by Joseph Puder
What the U.S. has to do to push back the Mullahs' ambitions.
Israel’s current preoccupation with Hamas in the Gaza Strip, and the Jamal Khashoggi murder in Istanbul, have diverted attention from the nefarious activities carried out by the Islamic Republic of Iran throughout the Middle East, and particularly in Syria. For now, the above developments have put on hold the anti-Iran alliance the Trump administration has been pressing for last month, and has given the Iranian regime a respite. The downing of the Russian spy plane over Syria by the Assad regime, which was initially blamed on Israel, has impacted somehow on the previous understanding between Israel and Putin’s Russia. In the meantime, Russia has supplied the Assad regime with the S-300 Missile defense system. Israel has significantly reduced its operations in Syria, which enabled Iran to increase its activities inside Syria, and foment trouble in Gaza.
The recently imposed U.S. sanctions against Iran have had a deleterious impact on the Iranian economy. It has placed the regime of the Ayatollahs in a defensive mode. A second wave of U.S. sanctions commenced on November 5th, 2018, targeting Iran’s energy, shipping, and shipbuilding sectors, as well as transactions with the Central Bank of Iran. The aim of this set of sanctions is to deprive the Iranian regime of funds to advance their nuclear program, and the development of ballistic missiles. The Iranian people, in an unprecedented wave of protests that spread throughout Iran’s major cities, and in spite of severe consequences, demanded that the regime invest in Iran, and the Iranian people. The protesters charged the regime with enabling the Islamic Revolutionary Guards Corps (IRGC) to waste the nation’s oil revenue and the $150 billion it received as a “bonus” from the Obama administration (for agreeing to sign the nuclear deal, also known as the Joint Comprehensive Plan of Action) on imperial schemes. They have argued that the money should be invested at home instead of spending it in Syria, Iraq, Lebanon, and Yemen.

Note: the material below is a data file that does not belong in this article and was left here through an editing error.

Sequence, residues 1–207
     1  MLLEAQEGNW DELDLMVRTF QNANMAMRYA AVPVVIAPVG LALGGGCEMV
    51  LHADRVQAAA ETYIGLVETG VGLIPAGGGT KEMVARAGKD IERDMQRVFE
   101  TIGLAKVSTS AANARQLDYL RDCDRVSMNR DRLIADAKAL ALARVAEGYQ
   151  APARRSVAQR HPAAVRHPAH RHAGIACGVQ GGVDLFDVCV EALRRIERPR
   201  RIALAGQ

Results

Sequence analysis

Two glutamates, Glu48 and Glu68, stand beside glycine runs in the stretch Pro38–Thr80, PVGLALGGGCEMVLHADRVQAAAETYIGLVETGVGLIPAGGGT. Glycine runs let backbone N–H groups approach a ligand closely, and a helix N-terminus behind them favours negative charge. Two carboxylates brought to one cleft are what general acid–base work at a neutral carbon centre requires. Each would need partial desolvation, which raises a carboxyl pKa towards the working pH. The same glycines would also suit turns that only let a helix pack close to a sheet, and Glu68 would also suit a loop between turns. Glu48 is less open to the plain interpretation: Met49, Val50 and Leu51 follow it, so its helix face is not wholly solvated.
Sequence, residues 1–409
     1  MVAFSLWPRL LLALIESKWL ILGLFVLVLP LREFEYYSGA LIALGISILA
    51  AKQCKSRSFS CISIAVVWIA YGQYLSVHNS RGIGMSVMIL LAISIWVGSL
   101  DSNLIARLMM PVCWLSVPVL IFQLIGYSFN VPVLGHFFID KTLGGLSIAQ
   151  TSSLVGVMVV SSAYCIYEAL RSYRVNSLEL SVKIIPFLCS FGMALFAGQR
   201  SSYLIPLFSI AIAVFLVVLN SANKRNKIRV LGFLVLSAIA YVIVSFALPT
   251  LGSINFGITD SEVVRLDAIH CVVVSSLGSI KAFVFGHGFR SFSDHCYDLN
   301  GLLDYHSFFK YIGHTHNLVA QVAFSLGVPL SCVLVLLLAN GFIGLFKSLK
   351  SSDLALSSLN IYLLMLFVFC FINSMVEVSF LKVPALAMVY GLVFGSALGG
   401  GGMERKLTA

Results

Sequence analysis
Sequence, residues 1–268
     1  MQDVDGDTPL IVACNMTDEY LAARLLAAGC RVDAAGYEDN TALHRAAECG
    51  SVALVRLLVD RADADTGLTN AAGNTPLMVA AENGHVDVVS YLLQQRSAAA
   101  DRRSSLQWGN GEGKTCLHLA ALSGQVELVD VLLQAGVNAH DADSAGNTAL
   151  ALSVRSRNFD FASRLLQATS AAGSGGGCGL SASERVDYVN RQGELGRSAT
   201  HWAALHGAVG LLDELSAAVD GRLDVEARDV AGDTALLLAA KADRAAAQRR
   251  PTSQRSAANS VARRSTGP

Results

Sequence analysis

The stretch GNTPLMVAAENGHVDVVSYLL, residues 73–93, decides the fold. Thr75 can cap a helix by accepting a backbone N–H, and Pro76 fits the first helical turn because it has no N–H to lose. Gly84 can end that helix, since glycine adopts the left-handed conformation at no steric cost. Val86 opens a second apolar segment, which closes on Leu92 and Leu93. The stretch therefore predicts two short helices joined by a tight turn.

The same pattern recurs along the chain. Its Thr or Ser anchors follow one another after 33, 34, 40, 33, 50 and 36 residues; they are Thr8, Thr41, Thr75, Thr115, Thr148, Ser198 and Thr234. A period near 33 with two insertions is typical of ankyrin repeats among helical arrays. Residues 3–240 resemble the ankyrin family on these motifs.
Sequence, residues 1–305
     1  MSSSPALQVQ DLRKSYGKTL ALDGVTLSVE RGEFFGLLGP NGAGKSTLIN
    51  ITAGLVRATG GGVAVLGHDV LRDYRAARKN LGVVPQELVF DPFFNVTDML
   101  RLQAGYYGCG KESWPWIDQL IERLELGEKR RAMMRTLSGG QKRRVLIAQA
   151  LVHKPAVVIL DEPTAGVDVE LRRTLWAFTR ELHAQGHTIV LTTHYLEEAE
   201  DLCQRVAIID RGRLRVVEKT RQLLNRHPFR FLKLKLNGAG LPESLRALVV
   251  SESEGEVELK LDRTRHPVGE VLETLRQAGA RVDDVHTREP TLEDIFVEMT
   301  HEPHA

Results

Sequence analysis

The Saudi-Qatari rift has also hampered the creation of a unified anti-Iranian bloc. It has weakened the Gulf Cooperation Council (GCC). The Qataris are now allied with Turkey. Ankara has sent an expeditionary force of 3,000 strong to Doha and in return, received $15 billion from Qatar to cover its swollen debt. The Saudis have accused Qatar of supporting terrorism, and in fact the Doha regime has been a staunch supporter of the Muslim Brotherhood, including Hamas in Gaza. Turkey’s dictator, Erdogan, has been flirting with Russia and Iran, and has openly exhibited his anti-western sentiments. He has purchased from Russia the S-400 surface-to-air missiles, and helped Iran launder its oil revenue. In the initial Trump administration calculation, Turkey was meant to be a part of the anti-Iran coalition, along with Israel and the Gulf states. Instead, Erdogan is currently busy with embarrassing the Saudis over the Khashoggi murder at the Saudi embassy in Istanbul.
The Islamic Republic is worried that the U.S. might join Israel in its efforts to expel the Iranian extensive presence in Syria. Iran however, is using this window of opportunity when Israel is limiting its attacks on Iranian targets in Syria, and the U.S. being preoccupied with the mid-term elections, to provide Hezbollah with sophisticated guidance systems that would improve the accuracy of the missiles aimed at Israel. According to a western intelligence officer, “The Iranians are trying to come up with new ways and routes to smuggle weapons from Iran to its allies in the Middle East, testing and defying the West’s abilities to track them down.”